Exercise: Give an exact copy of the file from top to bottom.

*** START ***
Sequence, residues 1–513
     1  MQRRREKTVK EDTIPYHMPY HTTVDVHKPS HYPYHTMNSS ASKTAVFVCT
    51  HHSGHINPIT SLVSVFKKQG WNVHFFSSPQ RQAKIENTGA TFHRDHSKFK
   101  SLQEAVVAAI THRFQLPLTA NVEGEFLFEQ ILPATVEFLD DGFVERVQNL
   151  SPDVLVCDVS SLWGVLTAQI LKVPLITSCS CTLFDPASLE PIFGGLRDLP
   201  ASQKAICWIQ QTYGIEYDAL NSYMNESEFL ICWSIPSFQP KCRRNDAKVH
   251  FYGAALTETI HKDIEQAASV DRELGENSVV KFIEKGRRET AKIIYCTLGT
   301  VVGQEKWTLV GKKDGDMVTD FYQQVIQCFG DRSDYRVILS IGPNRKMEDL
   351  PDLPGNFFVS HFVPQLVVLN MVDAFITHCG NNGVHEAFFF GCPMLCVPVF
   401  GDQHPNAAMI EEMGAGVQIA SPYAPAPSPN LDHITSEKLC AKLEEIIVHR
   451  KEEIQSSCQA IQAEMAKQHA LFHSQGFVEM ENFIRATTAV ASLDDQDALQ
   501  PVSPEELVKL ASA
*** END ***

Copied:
Sequence, residues 1–513
     1  MQRRREKTVK EDTIPYHMPY HTTVDVHKPS HYPYHTMNSS ASKTAVFVCT
    51  HHSGHINPIT SLVSVFKKQG WNVHFFSSPQ RQAKIENTGA TFHRDHSKFK
   101  SLQEAVVAAI THRFQLPLTA NVEGEFLFEQ ILPATVEFLD DGFVERVQNL
   151  SPDVLVCDVS SLWGVLTAQI LKVPLITSCS CTLFDPASLE PIFGGLRDLP
   201  ASQKAICWIQ QTYGIEYDAL NSYMNESEFL ICWSIPSFQP KCRRNDAKVH
   251  FYGAALTETI HKDIEQAASV DRELGENSVV KFIEKGRRET AKIIYCTLGT
   301  VVGQEKWTLV GKKDGDMVTD FYQQVIQCFG DRSDYRVILS IGPNRKMEDL
   351  PDLPGNFFVS HFVPQLVVLN MVDAFITHCG NNGVHEAFFF GCPMLCVPVF
   401  GDQHPNAAMI EEMGAGVQIA SPYAPAPSPN LDHITSEKLC AKLEEIIVHR
   451  KEEIQSSCQA IQAEMAKQHA LFHSQGFVEM ENFIRATTAV ASLDDQDALQ
   501  PVSPEELVKL ASA